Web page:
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Accessibility of electronic library resources. Do librarians consider the needs of people with print disabilities when selecting digital materials?

| Proposal No: 962

Bios & Handouts


  • Axel Schmetzke, Professor, University of Wisconsin-Stevens Point

Disability Area:            

Topic Area:                

Length of Session (in hours): 1-hrFormat: Lecture Expertise Level: All Levels Type of session: Not provided

Summary of Session

Through content analysis of the collection development literature, policy analysis, and phone surveys, this study explores the extent to which academic librarians consider, or are encouraged to consider, accessibility when selecting electronic information resources for procurement.


The shift from print to digital format has provided people with “print disabilities” unprecedented opportunities for information access. However, these opportunities are wasted unless electronic information resources comply with basic accessibility standards. Drawing from data collected in spring 2013 through policy analysis and phone surveys, the presenter will discuss the extent to which academic librarians at liberal arts colleges consider accessibility when selecting electronic information materials. In addition, he will shed some light on the professional collection development (CD) literature—by specifically asking whether its authors, often professor or leaders in this field, adequately address accessibility concerns. The presentation will conclude with a discussion of best practices and additional research needed in this area.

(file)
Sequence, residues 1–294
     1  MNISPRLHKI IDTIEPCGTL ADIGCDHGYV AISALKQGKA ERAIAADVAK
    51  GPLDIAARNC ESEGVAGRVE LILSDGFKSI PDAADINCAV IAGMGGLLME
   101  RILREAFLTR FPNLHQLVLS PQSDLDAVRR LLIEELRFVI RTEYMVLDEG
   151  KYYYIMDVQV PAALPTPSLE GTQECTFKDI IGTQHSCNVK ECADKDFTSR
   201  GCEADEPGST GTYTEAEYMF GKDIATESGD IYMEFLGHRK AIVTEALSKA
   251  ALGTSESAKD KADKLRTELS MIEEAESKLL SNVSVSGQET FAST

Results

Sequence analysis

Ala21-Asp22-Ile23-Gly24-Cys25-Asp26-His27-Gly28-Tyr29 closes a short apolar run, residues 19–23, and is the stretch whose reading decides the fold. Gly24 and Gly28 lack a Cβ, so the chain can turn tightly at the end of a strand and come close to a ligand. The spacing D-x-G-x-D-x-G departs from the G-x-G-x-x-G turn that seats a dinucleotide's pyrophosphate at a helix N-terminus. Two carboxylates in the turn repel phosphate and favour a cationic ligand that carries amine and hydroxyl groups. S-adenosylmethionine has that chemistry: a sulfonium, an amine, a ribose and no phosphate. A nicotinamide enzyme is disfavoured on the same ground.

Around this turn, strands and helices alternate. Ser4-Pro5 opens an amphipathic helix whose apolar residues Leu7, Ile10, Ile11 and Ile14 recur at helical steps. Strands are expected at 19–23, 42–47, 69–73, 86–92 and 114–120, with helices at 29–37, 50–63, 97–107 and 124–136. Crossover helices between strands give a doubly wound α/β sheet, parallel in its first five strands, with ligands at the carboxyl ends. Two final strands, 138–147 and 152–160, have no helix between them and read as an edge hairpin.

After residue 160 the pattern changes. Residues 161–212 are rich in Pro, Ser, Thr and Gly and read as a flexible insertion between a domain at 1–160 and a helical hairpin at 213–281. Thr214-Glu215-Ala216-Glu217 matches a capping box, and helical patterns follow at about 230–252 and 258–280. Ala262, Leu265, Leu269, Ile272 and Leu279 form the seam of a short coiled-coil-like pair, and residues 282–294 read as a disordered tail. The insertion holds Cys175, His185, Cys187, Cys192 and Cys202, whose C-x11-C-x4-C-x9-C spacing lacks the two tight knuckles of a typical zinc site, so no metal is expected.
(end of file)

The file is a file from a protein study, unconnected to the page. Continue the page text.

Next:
1. Most CD policies do not include accessibility among the selection criteria for electronic library resources.
  2. Regardless of the policy, accessibility is often not considered during the actual selection process.
  3. Most books on CD of digital library resources do not address the needs of people with print disabilities.

Speaker Bio(s)

Axel Schmetzke

Axel Schmetzke is a Professor at the University of Wisconsin-Stevens Point, where he works as a reference and bibliographic instruction librarian. He holds a Ph.D. in educational policy studies, as well as master-level degrees in communicative disorders, special education, and library & information science. He has researched and written about various aspects of online accessibility in higher education for the past 13 years.